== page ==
Researchers in Israel attest they have developed malware that would let cyber attackers add fake cancerous nodules to CT or MRI scans before radiologists and doctors examined them, thereby leading to leading to potential misdiagnoses, according to a story this week in the Washington Post.
The reporter, Kim Zetter, wrote in her story that the researchers “say they have developed such malware to draw attention to serious security weaknesses in critical medical imaging equipment used for diagnosing conditions and the networks that transmit those images — vulnerabilities that could have potentially life-altering consequences if unaddressed.”
Zetter’s report added, “The malware they created would let attackers automatically add realistic, malignant-seeming growths to CT or MRI scans before radiologists and doctors examine them. Or it could remove real cancerous nodules and lesions without detection, leading to misdiagnosis and possibly a failure to treat patients who need critical and timely care.”
The four researchers from the Ben-Gurion University Cyber Security Research Center in Israel who created the malware noted that one motivation for the attackers could be to target a presidential candidate or other politician to trick him or her into believing he or she has a serious illness, thus leading to a withdrawal from the race.
For the study, researchers used deep-learning to add or remove evidence of medical conditions from volumetric (3D) medical scans. “Although the body is complex and 3D medical scans are very large, CT-GAN achieves realistic results which can be executed in milliseconds,” the researchers said in the study abstract. They added, “To evaluate the attack, we focused on injecting and removing lung cancer from CT scans. We show how three expert radiologists and a state-of-the-art deep learning AI are highly susceptible to the attack.”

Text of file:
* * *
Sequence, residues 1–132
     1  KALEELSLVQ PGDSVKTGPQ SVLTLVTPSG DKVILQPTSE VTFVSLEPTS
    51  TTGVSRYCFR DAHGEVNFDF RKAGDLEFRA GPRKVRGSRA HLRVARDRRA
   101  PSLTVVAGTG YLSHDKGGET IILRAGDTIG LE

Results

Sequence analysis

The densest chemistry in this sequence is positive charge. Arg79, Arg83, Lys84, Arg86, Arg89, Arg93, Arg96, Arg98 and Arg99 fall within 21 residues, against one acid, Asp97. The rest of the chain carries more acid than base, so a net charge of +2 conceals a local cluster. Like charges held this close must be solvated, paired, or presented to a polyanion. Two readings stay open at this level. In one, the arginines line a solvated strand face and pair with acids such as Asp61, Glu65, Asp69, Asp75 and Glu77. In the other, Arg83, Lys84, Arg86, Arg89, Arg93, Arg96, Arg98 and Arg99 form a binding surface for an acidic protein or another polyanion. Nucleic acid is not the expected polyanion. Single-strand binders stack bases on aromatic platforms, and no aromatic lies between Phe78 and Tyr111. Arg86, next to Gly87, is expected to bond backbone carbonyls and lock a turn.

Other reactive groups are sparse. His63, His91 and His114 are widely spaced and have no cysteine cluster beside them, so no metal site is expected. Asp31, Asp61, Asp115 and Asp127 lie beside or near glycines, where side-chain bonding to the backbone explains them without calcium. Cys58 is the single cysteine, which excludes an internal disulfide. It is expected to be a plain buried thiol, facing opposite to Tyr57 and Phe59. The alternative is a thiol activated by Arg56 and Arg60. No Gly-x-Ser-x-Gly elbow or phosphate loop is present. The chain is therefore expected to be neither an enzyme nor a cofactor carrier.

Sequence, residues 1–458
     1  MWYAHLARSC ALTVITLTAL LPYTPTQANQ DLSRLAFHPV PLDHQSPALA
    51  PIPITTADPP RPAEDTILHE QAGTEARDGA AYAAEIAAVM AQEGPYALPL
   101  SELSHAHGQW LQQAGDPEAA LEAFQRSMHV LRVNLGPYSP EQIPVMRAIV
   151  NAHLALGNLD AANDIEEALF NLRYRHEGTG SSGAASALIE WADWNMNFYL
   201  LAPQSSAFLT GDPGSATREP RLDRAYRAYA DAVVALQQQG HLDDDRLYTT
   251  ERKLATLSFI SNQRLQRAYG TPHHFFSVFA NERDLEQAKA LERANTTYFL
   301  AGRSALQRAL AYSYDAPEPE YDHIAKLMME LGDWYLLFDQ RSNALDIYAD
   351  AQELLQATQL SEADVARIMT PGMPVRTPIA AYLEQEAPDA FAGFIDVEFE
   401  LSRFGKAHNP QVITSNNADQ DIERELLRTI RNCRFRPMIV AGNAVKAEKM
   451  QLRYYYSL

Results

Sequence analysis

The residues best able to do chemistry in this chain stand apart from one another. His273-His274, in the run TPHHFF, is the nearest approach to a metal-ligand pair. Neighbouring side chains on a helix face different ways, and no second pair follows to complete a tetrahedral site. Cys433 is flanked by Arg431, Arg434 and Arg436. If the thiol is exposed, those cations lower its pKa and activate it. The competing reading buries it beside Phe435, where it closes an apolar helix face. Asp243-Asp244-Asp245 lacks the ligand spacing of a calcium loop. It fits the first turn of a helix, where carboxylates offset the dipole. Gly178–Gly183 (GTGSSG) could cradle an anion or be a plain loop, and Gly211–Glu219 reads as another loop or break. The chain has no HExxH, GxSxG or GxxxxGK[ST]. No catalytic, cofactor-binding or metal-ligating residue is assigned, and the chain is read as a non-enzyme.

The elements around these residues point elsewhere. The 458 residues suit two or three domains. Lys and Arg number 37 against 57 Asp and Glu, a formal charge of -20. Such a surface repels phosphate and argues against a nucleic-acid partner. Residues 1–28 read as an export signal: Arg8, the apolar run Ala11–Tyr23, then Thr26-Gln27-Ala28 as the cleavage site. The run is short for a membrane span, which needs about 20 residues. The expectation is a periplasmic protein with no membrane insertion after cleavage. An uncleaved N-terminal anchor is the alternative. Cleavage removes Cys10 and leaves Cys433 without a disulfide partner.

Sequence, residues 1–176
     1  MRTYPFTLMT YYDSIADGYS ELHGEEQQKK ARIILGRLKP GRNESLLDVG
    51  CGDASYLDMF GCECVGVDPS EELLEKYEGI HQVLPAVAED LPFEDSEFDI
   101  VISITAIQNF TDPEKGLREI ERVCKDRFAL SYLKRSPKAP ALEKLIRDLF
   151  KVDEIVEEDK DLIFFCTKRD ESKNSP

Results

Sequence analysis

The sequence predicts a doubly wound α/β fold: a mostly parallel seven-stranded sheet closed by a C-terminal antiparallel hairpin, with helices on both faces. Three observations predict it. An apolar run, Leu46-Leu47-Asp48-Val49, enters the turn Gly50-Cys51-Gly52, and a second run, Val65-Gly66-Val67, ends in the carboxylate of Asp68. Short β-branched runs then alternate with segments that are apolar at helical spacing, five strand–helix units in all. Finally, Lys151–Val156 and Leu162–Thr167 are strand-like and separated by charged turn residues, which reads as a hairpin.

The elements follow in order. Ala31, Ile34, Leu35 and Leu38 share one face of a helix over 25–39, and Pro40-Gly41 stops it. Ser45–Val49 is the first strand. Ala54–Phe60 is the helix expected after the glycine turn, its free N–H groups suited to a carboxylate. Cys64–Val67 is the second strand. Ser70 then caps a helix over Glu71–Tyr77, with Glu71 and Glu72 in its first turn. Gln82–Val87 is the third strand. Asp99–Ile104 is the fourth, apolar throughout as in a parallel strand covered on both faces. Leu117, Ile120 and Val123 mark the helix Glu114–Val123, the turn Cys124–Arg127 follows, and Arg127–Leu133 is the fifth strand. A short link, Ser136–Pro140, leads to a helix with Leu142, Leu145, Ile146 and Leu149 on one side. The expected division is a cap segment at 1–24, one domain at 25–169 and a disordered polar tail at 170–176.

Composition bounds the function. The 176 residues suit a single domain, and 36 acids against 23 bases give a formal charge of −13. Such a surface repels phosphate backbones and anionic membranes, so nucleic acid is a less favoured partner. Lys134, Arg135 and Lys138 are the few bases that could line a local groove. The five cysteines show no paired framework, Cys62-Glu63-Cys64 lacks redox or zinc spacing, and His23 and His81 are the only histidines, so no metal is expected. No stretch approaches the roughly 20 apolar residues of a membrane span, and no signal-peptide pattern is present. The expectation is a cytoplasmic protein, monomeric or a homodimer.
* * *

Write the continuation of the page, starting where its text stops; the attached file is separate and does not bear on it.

The study specifically involved real CT lung scans, 70 of which were altered by their malware, according to Zetter’s piece. What’s more, the researchers were able to “trick three skilled radiologists into misdiagnosing conditions nearly every time.” Amazingly, “in the case of scans with fabricated cancerous nodules, the radiologists diagnosed cancer 99 percent of the time. In cases where the malware removed real cancerous nodules from scans, the radiologists said those patients were healthy 94 percent of the time,” according to the story.
Zetter’s report continued, “Even after the radiologists were told that the scans had been altered by malware and were given a second set of 20 scans, half of which were modified, they still were tricked into believing the scans with fake nodules were real 60 percent of the time, leading them to misdiagnoses involving those patients. In the case of scans where the malware removed cancerous nodules, doctors did not detect this 87 percent of the time, concluding that very sick patients were healthy.”
The study focused on lung cancer scans solely, but according to Yisroel Mirsky, one of the researchers who developed the malware, the attack would work for brain tumors, heart disease, blood clots, spinal injuries, bone fractures, ligament injuries and arthritis, the Washington Post reported.